Mr Trump, who is hailing himself just months from Election Day as a once-in-a-generation peacemaker who deserves as second term to finish the Middle East peace push he started, has shown little interest or willingness to try forcing Mr Netanyahu to seriously meet Palestinian leaders at the negotiating table.
One line of thinking behind the Abraham Accords is what they unlock – including the freer flow of investment dollars – will compel other Arab states to seek their own agreements with Israel. Another is that UAE and Bahraini officials could lean on their Palestinian counterparts to return to the table.
But there are few reasons to expect that after just these two agreements. Experts say it likely would take a true regional heavyweight like Saudi Arabia to enter into normalisation talks with the Jewish state to amass that kind of influence. For now, each state had other reasons for making a deal now that was more about their own self-interests.
“While Israel is largely driven by security interests and could deepen cooperation with the UAE to counter mutual threats – including the Muslim Brotherhood, Iran’s Axis of Resistance, and other Arab and African countries – the UAE seeks to amplify its power projection across the Gulf of Aden, the Red Sea, and the eastern Mediterranean, enhancing its posture vis-à-vis Iran and Turkey, and bolstering the connectivity of its maritime assets for economic gains,” according to Ibrahim Jalal of the Middle East Institute.
“I would have no problem in selling them the F-35. I would have absolutely no problem,” Mr Trump told the Fox News Channel’s morning crew a few hours before the ceremony. Notably, he floated a carrot before other Middle Eastern countries as he tries to build upon the Abraham Accords.
“They’re very wealthy countries for the most part, like the UAE, and they would like to buy the fighter jets, and I personally would have no problem with it,” Mr Trump said. “Some people do, they say, maybe they go to war.”
‘Less pan-Arab cooperation’
What’s more, some regional analysts see the collective move by the UAE and Bahrain as one declaring their partial independence from the greater Arab world. Before Mr Trump might, if he is re-elected, get a chance to build on the deals signed on Tuesday, that splinternig could cause him new headaches.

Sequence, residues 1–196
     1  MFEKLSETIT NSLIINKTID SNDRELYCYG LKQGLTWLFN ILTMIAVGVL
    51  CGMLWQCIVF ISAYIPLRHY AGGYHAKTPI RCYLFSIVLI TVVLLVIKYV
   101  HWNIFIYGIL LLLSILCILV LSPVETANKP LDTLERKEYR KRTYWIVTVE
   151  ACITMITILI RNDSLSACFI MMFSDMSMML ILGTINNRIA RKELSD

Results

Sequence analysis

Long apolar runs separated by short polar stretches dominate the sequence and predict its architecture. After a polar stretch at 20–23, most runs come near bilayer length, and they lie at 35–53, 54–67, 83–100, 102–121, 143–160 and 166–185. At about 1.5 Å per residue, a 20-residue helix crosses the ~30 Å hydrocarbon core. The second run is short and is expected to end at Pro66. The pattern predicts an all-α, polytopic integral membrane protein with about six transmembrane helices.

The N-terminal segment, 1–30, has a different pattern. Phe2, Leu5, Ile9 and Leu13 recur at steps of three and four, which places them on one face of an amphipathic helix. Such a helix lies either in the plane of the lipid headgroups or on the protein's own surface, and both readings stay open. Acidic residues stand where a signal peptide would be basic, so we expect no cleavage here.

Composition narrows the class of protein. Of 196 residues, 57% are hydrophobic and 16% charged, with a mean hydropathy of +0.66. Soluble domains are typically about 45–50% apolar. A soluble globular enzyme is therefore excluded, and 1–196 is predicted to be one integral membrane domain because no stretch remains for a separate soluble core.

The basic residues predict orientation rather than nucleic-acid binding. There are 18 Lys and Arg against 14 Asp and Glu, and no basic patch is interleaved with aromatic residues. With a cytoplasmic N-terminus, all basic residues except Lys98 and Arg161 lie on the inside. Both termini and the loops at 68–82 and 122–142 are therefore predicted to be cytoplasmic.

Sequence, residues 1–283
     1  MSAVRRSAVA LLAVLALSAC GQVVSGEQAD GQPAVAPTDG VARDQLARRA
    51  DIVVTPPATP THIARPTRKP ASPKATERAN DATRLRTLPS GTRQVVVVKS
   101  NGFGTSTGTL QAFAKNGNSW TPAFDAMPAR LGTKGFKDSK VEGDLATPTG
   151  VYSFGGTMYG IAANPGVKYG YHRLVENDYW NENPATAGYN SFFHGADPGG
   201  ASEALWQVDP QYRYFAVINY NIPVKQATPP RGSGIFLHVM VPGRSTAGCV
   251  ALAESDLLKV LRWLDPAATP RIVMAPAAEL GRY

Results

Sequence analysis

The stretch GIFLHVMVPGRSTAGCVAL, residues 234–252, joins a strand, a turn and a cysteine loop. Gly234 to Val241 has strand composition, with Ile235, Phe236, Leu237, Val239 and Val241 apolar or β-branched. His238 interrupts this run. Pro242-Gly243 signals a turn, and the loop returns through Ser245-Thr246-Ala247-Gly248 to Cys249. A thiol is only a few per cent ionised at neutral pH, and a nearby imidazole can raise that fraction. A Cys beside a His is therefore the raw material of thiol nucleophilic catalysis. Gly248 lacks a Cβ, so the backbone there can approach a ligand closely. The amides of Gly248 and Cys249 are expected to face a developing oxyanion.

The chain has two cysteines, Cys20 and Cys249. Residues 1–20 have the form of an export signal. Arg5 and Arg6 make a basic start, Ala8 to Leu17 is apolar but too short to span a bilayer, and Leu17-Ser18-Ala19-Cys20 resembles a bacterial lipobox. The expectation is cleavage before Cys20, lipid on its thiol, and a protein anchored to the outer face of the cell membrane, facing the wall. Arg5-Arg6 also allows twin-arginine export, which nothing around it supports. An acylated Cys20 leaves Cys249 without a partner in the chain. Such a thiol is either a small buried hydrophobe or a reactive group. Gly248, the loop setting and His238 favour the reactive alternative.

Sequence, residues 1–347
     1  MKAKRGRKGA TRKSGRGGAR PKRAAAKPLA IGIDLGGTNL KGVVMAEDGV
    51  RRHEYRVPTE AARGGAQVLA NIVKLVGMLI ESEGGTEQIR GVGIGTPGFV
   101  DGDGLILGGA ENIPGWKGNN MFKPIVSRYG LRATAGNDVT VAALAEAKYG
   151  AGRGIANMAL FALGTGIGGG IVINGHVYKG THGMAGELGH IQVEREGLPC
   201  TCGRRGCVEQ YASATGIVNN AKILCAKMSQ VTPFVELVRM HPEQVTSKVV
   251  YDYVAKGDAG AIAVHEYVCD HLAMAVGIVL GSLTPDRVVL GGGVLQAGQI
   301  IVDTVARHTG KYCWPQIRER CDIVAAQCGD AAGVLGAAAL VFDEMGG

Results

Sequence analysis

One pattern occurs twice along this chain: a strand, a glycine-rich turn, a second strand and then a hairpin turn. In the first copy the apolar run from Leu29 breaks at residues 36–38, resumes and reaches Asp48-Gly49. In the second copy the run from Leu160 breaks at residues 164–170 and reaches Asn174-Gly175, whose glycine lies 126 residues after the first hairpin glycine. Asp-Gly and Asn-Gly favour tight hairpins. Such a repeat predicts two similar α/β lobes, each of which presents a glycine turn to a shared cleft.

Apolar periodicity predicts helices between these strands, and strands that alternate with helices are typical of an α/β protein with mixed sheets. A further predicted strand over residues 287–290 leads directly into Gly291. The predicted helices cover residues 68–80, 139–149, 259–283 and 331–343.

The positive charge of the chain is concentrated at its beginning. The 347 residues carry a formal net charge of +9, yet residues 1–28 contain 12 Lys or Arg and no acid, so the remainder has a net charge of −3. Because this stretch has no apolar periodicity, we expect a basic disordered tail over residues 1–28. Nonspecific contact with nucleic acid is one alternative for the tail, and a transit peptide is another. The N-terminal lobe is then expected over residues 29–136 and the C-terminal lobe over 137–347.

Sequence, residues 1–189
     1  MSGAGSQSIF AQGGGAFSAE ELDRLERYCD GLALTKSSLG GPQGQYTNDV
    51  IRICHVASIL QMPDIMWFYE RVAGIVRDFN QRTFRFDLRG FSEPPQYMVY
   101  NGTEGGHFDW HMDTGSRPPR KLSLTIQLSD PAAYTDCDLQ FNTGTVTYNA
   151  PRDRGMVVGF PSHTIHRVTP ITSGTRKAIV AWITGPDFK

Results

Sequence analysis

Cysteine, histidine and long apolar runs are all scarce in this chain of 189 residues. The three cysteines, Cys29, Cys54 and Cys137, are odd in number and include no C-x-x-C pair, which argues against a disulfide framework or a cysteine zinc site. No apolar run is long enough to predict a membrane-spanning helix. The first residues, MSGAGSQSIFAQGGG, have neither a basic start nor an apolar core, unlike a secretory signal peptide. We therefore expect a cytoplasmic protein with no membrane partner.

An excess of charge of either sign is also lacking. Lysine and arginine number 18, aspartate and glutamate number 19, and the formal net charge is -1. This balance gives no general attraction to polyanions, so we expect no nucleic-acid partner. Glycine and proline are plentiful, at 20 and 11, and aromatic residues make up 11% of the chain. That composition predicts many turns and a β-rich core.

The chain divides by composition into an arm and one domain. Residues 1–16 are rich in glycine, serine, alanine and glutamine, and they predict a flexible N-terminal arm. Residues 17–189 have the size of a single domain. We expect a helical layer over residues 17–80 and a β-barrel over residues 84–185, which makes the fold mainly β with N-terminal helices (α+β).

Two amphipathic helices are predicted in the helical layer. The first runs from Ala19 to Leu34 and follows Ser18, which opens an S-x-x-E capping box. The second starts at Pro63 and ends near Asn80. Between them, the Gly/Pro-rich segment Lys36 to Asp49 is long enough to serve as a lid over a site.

“Less pan-Arab cooperation, combined with a US determination to lighten its footprint in the region, is likely to create different regional dynamics,” said Jon Alterman of Washington’s Center for Strategic and International Studies.
“It is worth pointing out that other regions have found regional cooperative organizations – such as the European Union, Association of Southeast Asian Nations, Organization of American States, and African Union – useful ways to deal with problems,” he added. “The League of Arab States will go through a period of redefinition and refocus, and while some of that is overdue, some may be destabilizing.”
Mr Trump said before signing the accords that he “offered America’s friendship, I offered America’s help but I said clearly that the nations of the regions had to decide what kind of a future they wanted for their children and for their families and for their nation itself [because] no one could make that choice for them; they had to do that themselves.”
Agreement-signing ceremonies make for grand speeches with memorable rhetorical flourishes. But a second-term Mr Trump would quickly be a lameduck diplomat-in-chief with much less capital and sway at home and abroad. Then again, second-term US presidents often secure their biggest foreign policy achievements after being re-elected.
If he wins in November, however, Mr Trump would learn Washington’s “friendship” alone will not help foster Middle East peace. At some point, he would have to get directly involved with his alleged “Art of the Deal” negotiating skills that have gotten him little when working with Democrats at home.